Feeling Less Creative
It’s difficult to enter the flow state and feel inspired when you’re too tired to focus. The same goes for being too stressed. Few things stifle creativity as effectively as pressure. Yes, a deadline can help you get a job done but that’s different to chronic pressure that keeps you up at night, wondering whether your royalty cheques will cover the bills. This is the kind of stress that many authors face the minute they leave a reliable salary. As a mental issue, eradicating this kind of stress is notoriously difficult. We’re not discussing clinical stress here; just worry. Nonetheless, it’s important, and often felt by new full-time authors to the point where it makes them unable to write.
It’s impossible to go a week without feeling stress, never mind a whole career, but you can take steps to manage it and re-claim your creativity. One way is to take a day off to recharge. Having said that, it’s not always possible if you have bills to pay. If you don’t have the time right now, a short, daily meditation practice can help. Many innovative business leaders use daily meditation to boost their creativity. According to a study at the University of Rotterdam, even 10 minutes can foster creative thought. Meditation can expose your writing’s insignificance and help you ease the pressure off it to think more laterally. As an article in Harvard Business Review puts it, meditation will give you: “better ideas, better decision making, and a better mood — all in the time it takes to drink a cup of coffee.”
Stress affects more than just your creativity. The American Psychological Association explains in a 2015 study that money is the number one source of stress in the United States, with 72% of American subjects claiming they worry about it at least once a month. Work-life was a close second. What’s more, a 2020 article published by Very Well Mind suggests money worries can:
- Impair decision-making skills
- Cause fatigue
- Trigger mood swings
- Amplify headaches and stomach problems
As a new full-time writer, you run the risk of increasing your exposure to both common stress sources and can experience all of the associated symptoms, facing a sudden lack of clarity and a fluctuating income.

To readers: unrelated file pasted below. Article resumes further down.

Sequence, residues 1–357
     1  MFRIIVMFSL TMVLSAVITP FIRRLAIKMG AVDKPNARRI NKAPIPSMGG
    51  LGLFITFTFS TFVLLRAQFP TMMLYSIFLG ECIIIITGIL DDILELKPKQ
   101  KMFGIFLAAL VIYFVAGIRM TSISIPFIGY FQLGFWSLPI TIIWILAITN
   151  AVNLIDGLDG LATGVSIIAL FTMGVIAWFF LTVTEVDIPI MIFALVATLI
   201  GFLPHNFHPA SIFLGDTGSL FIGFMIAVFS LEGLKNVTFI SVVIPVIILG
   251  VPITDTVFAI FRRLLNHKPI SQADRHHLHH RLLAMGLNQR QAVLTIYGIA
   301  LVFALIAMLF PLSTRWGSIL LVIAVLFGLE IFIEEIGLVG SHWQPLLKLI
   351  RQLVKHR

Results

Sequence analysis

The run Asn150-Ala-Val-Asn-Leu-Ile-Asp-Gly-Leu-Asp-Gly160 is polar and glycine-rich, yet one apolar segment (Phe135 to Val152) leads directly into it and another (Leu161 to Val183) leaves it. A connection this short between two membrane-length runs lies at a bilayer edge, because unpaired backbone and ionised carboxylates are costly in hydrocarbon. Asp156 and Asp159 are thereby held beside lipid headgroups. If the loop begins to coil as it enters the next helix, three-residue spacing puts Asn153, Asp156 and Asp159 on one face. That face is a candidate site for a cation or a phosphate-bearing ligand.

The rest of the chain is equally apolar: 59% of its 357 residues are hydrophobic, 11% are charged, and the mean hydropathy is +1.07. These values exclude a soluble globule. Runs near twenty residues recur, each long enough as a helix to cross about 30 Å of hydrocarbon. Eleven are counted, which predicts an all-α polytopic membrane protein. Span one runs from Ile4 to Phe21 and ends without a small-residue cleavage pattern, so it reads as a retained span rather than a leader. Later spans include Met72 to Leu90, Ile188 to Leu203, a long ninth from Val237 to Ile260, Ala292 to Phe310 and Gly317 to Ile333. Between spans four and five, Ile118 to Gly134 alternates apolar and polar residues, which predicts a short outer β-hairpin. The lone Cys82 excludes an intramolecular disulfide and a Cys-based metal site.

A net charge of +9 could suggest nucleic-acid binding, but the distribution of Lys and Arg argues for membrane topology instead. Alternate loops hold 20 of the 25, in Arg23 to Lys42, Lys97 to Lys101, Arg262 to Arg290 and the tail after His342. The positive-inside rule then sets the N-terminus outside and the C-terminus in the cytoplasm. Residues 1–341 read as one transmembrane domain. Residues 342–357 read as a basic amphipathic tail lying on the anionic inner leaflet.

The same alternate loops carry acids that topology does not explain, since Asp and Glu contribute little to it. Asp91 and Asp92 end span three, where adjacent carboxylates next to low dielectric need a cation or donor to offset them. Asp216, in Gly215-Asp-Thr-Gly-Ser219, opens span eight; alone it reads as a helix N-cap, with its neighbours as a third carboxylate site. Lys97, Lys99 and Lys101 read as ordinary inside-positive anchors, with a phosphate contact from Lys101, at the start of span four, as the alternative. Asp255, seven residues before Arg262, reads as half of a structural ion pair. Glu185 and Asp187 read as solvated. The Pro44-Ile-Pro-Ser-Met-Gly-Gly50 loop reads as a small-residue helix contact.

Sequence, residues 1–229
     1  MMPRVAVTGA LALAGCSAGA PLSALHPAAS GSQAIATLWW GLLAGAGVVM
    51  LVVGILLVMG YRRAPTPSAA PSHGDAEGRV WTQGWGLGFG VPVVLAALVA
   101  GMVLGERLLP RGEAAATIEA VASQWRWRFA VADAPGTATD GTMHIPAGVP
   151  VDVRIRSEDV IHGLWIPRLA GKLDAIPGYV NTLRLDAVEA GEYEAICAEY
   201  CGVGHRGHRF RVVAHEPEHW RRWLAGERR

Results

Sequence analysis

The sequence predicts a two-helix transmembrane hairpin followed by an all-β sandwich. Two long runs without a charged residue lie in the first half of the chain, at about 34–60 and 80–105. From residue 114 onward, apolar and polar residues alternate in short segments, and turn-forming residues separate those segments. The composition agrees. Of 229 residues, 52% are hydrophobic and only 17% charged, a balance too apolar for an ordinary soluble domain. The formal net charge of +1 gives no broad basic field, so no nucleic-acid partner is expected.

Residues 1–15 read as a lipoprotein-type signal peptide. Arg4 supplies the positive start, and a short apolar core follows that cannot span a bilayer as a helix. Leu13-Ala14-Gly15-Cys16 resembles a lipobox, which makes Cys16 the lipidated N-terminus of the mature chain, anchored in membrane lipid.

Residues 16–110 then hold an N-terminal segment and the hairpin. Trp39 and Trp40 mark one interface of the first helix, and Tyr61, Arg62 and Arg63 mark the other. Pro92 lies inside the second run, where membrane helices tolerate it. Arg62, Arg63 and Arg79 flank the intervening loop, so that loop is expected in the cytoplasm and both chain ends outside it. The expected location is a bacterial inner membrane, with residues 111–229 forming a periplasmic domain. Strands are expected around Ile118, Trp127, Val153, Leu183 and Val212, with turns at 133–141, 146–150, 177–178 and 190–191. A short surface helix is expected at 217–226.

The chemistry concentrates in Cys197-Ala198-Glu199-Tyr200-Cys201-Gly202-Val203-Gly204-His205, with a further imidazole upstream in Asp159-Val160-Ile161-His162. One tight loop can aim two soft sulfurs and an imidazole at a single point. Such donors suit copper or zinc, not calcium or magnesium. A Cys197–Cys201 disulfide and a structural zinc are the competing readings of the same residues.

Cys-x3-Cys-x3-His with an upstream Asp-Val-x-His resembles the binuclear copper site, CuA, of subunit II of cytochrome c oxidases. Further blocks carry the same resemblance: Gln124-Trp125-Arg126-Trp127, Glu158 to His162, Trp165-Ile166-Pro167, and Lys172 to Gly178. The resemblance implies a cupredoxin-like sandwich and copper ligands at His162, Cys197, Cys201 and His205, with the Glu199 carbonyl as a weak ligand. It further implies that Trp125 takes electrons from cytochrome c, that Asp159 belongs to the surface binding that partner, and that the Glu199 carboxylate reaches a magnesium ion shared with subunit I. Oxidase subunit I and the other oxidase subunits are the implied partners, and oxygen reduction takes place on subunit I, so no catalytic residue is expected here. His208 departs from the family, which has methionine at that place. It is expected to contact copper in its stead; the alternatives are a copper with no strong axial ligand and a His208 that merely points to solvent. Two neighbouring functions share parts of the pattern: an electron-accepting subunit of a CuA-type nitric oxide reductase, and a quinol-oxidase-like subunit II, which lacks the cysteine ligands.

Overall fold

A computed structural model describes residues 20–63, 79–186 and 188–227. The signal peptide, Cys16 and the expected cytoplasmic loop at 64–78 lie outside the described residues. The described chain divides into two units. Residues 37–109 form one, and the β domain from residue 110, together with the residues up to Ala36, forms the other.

Factors you can’t control will initiate a lot of this worry. A great way to avoid those panic-inducing factors is to focus on what is within your power: the day’s to-do list. Forming a process with wordcount goals and production schedules is key, as is trusting the system to create your desired results. Don’t worry about the metrics, just the task in front of you. That will keep you sane. The same goes for your writing and your financial plans. Most authors have lean months. If you routinely live below your means and save or invest before you spend any excess every month, though, you’ll build a money cushion that can ease your financial worries and improve your day-to-day mental and physical health when money is tight.
Going Stir Crazy
Millions have learned during the deepest lockdowns that spending the workday hours at home can quickly make a lounge resemble solitary confinement. With little social interaction, days can drag and even blur together. The one comfort early pandemic workers had was that everyone was in the same boat and it would soon end. Full-time authors have no such emotional safety net. Nor do we have any reason to talk to other humans without a public workplace. And while we all react differently to isolation, at some point even the most introverted among us need to go outside and interact with society for our own happiness.
If you’ve previously worked with others, you could coast socially on invitations to drinks after work, Christmas parties and lunch break gatherings. As a self-employed author, however, being proactive is the only way to ensure you socialise enough to stay happy. Friends who live in the rat race won’t feel the need to socialise in their free time as acutely as you do, so you’ll likely need to be the one doing the inviting. Try to organise to meet up with someone in the real world at least once a week if you can. If your pre-author friends aren’t willing or can’t socialise often on your new schedule, consider reaching out to others in the author community. Being flexible themselves, many welcome real-world meetups, even at unusual hours. Anticipating these new full-time author struggles is challenging enough, but overcoming them in the real world can be harder. Overcome these early challenges, though, and you will successfully transition into running a fulfilling, full-time author business. Once you’ve settled into it, you’ll never want to return to the day job again.